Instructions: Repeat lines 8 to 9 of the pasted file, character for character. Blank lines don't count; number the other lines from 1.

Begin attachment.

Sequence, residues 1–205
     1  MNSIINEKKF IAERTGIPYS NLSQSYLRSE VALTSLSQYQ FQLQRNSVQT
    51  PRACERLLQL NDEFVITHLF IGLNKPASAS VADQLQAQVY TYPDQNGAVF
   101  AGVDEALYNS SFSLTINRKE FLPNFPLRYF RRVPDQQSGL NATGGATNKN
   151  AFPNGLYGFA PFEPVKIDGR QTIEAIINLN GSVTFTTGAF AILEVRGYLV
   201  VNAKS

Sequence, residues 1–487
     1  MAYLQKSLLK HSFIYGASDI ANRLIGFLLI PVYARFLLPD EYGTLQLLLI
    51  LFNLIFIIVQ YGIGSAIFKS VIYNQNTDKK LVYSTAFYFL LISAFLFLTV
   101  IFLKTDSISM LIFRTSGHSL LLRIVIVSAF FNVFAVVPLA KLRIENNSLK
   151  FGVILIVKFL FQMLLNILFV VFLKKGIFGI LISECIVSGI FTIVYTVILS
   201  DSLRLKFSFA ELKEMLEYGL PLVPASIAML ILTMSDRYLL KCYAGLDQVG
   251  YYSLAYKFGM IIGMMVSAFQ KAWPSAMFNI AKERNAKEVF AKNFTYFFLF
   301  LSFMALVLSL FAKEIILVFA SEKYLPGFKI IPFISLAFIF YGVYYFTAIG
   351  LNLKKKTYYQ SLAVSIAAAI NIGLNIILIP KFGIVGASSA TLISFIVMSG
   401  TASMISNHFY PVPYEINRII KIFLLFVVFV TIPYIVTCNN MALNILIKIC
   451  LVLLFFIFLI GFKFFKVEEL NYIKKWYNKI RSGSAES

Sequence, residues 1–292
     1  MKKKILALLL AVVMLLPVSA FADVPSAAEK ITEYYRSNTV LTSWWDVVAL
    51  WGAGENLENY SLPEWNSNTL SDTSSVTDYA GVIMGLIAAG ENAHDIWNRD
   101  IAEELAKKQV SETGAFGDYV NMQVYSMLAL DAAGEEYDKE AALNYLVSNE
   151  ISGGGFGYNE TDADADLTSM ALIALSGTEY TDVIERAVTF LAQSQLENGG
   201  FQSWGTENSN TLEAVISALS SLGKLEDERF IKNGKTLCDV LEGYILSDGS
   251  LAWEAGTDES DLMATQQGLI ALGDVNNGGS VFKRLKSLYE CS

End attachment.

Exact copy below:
     1  MAYLQKSLLK HSFIYGASDI ANRLIGFLLI PVYARFLLPD EYGTLQLLLI
    51  LFNLIFIIVQ YGIGSAIFKS VIYNQNTDKK LVYSTAFYFL LISAFLFLTV